The potential impact of her role has been the subject of months of speculation but last week the arrival of Groceries Code Adjudicator Christine Tacon finally began to hit home, with the proposals for a maximum fine for retailers of up to 1% of UK turnover.
Tacon told The Grocer that the proposed fine - equivalent to £482m for Tesco - would act as a “massive deterrent” to stop retailers abusing supply chains.
But what does the industry make of it and do her proposals leave more questions unanswered?
The maximum fine proposed last week in a 23-page consultation document (PDF) on guidance for enforcement and investigations, has to be consulted upon and approved by MPs. After that, full guidance will be published on 25 December, giving Tacon the power to begin investigations. The investigations can relate to any time from this June when Tacon took up her role.
Suppliers claim the prospect of a heavy fine will help persuade buyers to take notice of the code. “One per cent of turnover is apt,” says one supplier. “At the moment, there is still a lack of awareness about what the code means - we still get asked for listing fees, for example.”
Retailers are keeping their powder dry, but BRC director of food Andrew Opie says: “We don’t think the fine is wholly appropriate for a B2B relationship.”
Code of practice:
- What does the Adjudicator enforce? The Groceries Supply Code of Practice, established in 2009 following investigation by Competition Commission
- Which retailers are affected? Those with turnover of £1bn+ from sale of groceries in UK
- Which suppliers can complain? All direct suppliers to the major supermarkets
- When can suppliers start to make complaints?They can contact the Adjudicator about any alleged violations occurring from June, with investigations kicking off from 25 December
- What penalties are proposed? Maximum fine of 1% of UK turnover and option to name and shame retailers
Under the Competition Act, the maximum fine for running a cartel is 10% of turnover, but Opie says that is for a more severe offence that directly harms the consumer. He is also concerned about costs the supermarkets will have to bear. They are bracing themselves for a hefty bill to help fund the initial running costs of the GCA office - and will have to share the cost of investigations that don’t uncover wrongdoing.
Tacon says she will only launch investigations once she has heard of a breach from several sources, but Opie’s fear is Tacon will run too many investigations. He would like more clarity on what constitutes credible evidence and at exactly what point investigations would be launched. “There is no guidance of what ‘good evidence’ looks like,” he says.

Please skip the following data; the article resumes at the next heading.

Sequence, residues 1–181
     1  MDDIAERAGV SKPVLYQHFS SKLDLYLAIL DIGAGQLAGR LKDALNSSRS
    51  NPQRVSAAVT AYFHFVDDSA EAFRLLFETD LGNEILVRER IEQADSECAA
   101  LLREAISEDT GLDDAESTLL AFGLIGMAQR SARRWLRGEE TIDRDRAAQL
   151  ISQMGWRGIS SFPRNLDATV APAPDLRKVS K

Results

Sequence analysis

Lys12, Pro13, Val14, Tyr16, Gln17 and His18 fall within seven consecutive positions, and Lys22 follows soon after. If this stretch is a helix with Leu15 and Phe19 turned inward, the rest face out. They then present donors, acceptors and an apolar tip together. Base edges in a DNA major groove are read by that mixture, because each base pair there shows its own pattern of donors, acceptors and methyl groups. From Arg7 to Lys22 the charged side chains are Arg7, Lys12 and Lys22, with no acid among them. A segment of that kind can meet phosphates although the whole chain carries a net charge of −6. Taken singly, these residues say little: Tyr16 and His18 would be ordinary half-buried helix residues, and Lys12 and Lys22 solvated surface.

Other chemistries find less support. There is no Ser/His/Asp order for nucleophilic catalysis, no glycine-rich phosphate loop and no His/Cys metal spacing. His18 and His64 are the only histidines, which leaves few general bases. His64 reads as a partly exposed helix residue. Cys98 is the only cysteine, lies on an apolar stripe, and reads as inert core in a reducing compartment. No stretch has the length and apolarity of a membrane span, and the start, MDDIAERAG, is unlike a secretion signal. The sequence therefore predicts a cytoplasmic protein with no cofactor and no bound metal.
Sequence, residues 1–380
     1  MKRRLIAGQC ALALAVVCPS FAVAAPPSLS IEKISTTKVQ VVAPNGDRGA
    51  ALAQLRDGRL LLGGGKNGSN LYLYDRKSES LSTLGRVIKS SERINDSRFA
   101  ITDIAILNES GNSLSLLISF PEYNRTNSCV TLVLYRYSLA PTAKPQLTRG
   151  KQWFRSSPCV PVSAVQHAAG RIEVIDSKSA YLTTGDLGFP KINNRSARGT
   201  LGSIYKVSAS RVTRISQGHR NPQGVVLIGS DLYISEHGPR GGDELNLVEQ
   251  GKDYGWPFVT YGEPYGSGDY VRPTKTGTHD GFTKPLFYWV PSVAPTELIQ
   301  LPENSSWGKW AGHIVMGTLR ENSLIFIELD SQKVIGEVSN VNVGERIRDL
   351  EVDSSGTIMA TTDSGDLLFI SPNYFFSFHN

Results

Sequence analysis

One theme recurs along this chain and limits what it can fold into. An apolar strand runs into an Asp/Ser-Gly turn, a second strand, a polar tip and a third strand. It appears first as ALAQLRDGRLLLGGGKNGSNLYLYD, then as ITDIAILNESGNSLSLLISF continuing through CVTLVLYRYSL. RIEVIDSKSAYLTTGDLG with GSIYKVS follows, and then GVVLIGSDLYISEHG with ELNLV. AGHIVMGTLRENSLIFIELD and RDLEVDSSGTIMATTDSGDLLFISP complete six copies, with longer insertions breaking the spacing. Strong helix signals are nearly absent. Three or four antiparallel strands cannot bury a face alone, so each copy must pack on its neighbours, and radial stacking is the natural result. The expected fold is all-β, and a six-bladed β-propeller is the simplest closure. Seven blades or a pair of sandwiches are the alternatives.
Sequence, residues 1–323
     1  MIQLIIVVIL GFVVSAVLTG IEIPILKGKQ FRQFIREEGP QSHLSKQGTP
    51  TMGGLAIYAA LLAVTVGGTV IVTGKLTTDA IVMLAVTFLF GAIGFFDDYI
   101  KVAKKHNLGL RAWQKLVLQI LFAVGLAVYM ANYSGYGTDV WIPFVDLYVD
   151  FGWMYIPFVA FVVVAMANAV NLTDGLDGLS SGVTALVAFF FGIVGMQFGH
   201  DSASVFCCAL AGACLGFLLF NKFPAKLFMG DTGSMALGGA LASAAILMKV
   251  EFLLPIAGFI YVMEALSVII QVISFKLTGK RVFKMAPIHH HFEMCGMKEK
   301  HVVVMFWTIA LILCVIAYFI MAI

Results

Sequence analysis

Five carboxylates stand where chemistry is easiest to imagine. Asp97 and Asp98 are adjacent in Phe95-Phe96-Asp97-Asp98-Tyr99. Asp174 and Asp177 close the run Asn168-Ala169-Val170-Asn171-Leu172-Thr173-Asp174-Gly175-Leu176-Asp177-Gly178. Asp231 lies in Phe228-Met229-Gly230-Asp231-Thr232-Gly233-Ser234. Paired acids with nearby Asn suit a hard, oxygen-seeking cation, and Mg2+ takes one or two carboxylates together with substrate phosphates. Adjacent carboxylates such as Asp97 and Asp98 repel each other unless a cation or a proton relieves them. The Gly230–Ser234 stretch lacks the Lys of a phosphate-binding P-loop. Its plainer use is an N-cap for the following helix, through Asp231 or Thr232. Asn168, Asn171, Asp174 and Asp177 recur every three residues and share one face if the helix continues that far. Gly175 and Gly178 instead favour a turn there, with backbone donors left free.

Suppliers would also like to more guidance - particularly on what constitutes a breach. “I don’t think people really understand exactly what is and what is not acceptable. There’s a lot of ambiguity,” says one supplier. He adds there are significant differences on retailer guidelines in areas such as funding and running of promotions.
Another supplier voices similar concerns about clarity - pointing in particular to additional charges by retailers on suppliers, such as whether customer complaint charges are acceptable, but overall, he is positive about the adjudicator’s impact on supplier/retailer relations. “I am very impressed by how well she has grasped the important issues,” he says. Last week, she identified deductions from invoices, which if challenged by suppliers could result in long delays in payment, as the biggest recurring issue. The supplier confirms some retailers are “very inefficient” at processing enquiries and that this effectively worked as a delaying mechanism for payment.
Some, though, still fear, despite the headline-grabbing figures, Tacon won’t be bold enough. “It will be interesting to see how often investigations are followed through,” says one supplier. “My worry is that the prospect of a fine will be one of those big threats that just sits on the shelf and gathers dust.”
Read the full adjudicator consultation document here (PDF).